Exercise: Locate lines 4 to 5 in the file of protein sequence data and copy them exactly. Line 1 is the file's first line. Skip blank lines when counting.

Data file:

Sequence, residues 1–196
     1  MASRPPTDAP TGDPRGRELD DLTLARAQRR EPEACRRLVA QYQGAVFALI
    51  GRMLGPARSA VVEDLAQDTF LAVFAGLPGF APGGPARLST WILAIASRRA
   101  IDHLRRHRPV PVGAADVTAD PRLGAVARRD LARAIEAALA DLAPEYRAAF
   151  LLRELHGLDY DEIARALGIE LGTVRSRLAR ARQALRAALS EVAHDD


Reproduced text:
   101  IDHLRRHRPV PVGAADVTAD PRLGAVARRD LARAIEAALA DLAPEYRAAF
   151  LLRELHGLDY DEIARALGIE LGTVRSRLAR ARQALRAALS EVAHDD